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I've been learning F#, and I'm writing a tool in it. Everything works fine except when I need to handle invalid input or exceptional situations.

What is the recommended way of dealing this in F#? The way my functions are constructed and used I'm not sure how to send back a message that tells the calling function that the call failed due to bad input and something similar to C#'s loop continue needs to happen.

I'm suffering due to the loss of Return. Can I return from an F# function anywhere in it, or does it have to be on the last line?

Here is an example of some of my code where the input is in some cases essentially empty, and I am detecting that. I need to prevent the steps in the process that follow from running.

let SchemaQueryString s =
    let sqsValid s = 
        let Strcat (x : string) (y : string) = x + ", " + y;
        let RecFieldName (x : MeasurementRecord) = x.FieldName;    
        let mapr = List.map RecFieldName s.MeasurementTypes;
        let cores = List.reduce Strcat mapr;
        "SELECT ProductionCode, TestTime, " + cores + " FROM " + s.TemplateName + " ORDER BY ProductionCode, TestTime";

    match s.MeasurementTypes.Length with
    | 0 -> ""
    | _ -> sqsValid s;

let TemplateMigration tcs rr =
    let sql = SchemaQueryString tcs;
    let sqlc = new SqlCommand(sql, QCOld);
    let sqldr = sqlc.ExecuteReader();
    ignore (sqldr.Read());
    ...

I need to abort the TemplateMigration function and return immediately on a match of the sql variable with "". Or construct some kind of union type that indicates that no sql query string could be constructed because for a specific case it couldn't be done.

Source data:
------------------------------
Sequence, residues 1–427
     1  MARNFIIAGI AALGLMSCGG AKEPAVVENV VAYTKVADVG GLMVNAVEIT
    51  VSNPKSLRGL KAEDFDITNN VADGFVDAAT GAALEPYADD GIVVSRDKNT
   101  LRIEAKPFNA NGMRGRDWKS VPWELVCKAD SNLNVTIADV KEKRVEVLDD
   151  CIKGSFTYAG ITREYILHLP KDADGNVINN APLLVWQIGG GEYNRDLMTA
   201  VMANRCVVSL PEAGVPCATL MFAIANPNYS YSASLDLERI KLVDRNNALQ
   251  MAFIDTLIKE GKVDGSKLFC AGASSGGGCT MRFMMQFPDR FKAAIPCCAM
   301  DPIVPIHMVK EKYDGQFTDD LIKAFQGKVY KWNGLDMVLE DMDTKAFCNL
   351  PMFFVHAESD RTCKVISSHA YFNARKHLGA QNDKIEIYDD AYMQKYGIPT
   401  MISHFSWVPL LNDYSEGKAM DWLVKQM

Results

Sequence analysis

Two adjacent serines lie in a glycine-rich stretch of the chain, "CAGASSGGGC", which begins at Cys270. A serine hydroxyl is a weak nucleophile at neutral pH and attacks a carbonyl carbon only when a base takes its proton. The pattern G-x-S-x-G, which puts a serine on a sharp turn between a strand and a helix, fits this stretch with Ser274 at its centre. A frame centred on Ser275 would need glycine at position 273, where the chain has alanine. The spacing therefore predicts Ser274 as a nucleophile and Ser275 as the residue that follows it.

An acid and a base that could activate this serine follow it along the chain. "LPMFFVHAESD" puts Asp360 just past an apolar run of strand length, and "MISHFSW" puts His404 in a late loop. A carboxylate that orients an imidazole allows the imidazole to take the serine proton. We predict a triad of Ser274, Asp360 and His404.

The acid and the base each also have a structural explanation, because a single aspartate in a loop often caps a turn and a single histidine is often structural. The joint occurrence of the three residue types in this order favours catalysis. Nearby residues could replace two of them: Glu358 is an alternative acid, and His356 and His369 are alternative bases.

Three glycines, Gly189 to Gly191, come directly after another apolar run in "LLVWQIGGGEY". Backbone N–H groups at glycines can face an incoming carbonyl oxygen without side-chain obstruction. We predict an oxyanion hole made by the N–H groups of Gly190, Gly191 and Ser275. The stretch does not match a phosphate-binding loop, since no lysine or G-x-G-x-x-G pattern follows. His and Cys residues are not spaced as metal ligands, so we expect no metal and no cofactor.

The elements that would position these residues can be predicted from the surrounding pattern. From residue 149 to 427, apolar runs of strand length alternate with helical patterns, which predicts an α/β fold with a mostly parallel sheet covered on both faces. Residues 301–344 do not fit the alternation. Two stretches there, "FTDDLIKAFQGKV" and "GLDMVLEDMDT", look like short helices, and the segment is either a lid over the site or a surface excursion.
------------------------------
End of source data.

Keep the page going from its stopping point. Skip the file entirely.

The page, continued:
Thanks for your help. I'm gradually figuring out this language, and I like a lot about it, but I'm struggling with some aspects of it where I don't know how to replace my procedural ideas about how to do something with functional ideas.

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4 Answers 4

up vote 7 down vote accepted

When using functional languages for the first time many people trip up on the idea that everything is an expression. This means that control flow is performed using control flow expressions.

So what's the difference between a statement and an expression?

A statement has no value, i.e. it's not an instance of a type. An expression has a value (even if that value is of the special type unit which has a single instance () that represents no value.)

In a procedural language we use statements to control the flow of execution so:

class Program
{
    static void Main(string[] args)
    {
        string str;

        if (DateTime.Now.DayOfWeek == DayOfWeek.Monday)
            return;
        else if (args.Length >= 2)
            str = args[1];
        else
            str = "Hello";

        Console.WriteLine(str);
    }
}

Here we define a variable str of type string to have a value null. Then we either ignore it and return if it's Monday, assign args[1] if available or "Hello" otherwise and print it.

When the control flow statement is a few lines long this sort of programming is fairly safe. However as soon as the statement becomes greater than a page long, or complex and nested, we become more likely to introduce errors, typically the billion dollar mistake.

Pure functional languages use control flow expressions instead. This means that an if expression has a value! Let's slowly implement the control in the former code example. First lets tackle the assigning the string str.

let str =
    if args.Length >= 2 then
        args.[1]
    else 
        "Hello"

Here we see that we are directly binding the value of the if expression to str. Both branches (sub-expressions) of the if expression must evaluate to an instance of type string. We simply can not forget to assign a value to string because the compiler will throw an error should we try.